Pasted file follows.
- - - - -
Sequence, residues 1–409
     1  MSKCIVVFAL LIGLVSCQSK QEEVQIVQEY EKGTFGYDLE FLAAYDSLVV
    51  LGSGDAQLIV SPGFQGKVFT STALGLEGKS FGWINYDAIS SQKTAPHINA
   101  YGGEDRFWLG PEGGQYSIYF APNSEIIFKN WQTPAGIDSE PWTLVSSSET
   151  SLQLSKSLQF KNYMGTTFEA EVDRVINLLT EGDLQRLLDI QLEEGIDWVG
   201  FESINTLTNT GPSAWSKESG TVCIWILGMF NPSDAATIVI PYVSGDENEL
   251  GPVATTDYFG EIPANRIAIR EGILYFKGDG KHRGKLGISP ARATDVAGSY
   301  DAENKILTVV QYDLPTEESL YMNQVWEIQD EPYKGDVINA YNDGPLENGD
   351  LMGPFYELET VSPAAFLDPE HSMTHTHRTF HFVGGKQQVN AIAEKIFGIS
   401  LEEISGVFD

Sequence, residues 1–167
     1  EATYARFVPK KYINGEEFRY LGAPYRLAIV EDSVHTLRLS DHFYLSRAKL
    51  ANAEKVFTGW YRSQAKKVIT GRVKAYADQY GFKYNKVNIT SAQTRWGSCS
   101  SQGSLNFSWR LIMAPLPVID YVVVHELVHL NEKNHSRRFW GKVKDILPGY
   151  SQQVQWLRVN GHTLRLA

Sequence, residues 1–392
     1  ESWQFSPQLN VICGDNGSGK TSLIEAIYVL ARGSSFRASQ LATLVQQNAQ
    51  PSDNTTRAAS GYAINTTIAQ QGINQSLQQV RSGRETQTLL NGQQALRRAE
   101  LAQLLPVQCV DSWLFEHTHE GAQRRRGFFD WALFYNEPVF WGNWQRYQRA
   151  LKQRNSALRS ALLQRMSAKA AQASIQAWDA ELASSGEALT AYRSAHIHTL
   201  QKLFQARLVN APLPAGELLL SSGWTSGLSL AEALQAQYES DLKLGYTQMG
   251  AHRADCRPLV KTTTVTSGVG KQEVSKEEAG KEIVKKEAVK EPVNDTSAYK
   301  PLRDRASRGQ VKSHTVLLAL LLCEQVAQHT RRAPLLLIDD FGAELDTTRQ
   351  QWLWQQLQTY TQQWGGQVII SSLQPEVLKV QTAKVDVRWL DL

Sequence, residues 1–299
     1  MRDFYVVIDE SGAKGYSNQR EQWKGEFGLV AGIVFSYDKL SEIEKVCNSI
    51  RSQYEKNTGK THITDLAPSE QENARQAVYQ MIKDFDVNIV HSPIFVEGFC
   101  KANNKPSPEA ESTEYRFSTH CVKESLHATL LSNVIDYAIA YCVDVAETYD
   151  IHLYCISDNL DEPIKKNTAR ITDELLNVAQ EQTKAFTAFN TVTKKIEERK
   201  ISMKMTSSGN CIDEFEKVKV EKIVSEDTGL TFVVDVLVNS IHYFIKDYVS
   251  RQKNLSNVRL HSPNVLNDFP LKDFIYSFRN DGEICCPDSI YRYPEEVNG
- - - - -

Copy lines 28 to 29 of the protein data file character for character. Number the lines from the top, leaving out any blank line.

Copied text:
   101  KANNKPSPEA ESTEYRFSTH CVKESLHATL LSNVIDYAIA YCVDVAETYD
   151  IHLYCISDNL DEPIKKNTAR ITDELLNVAQ EQTKAFTAFN TVTKKIEERK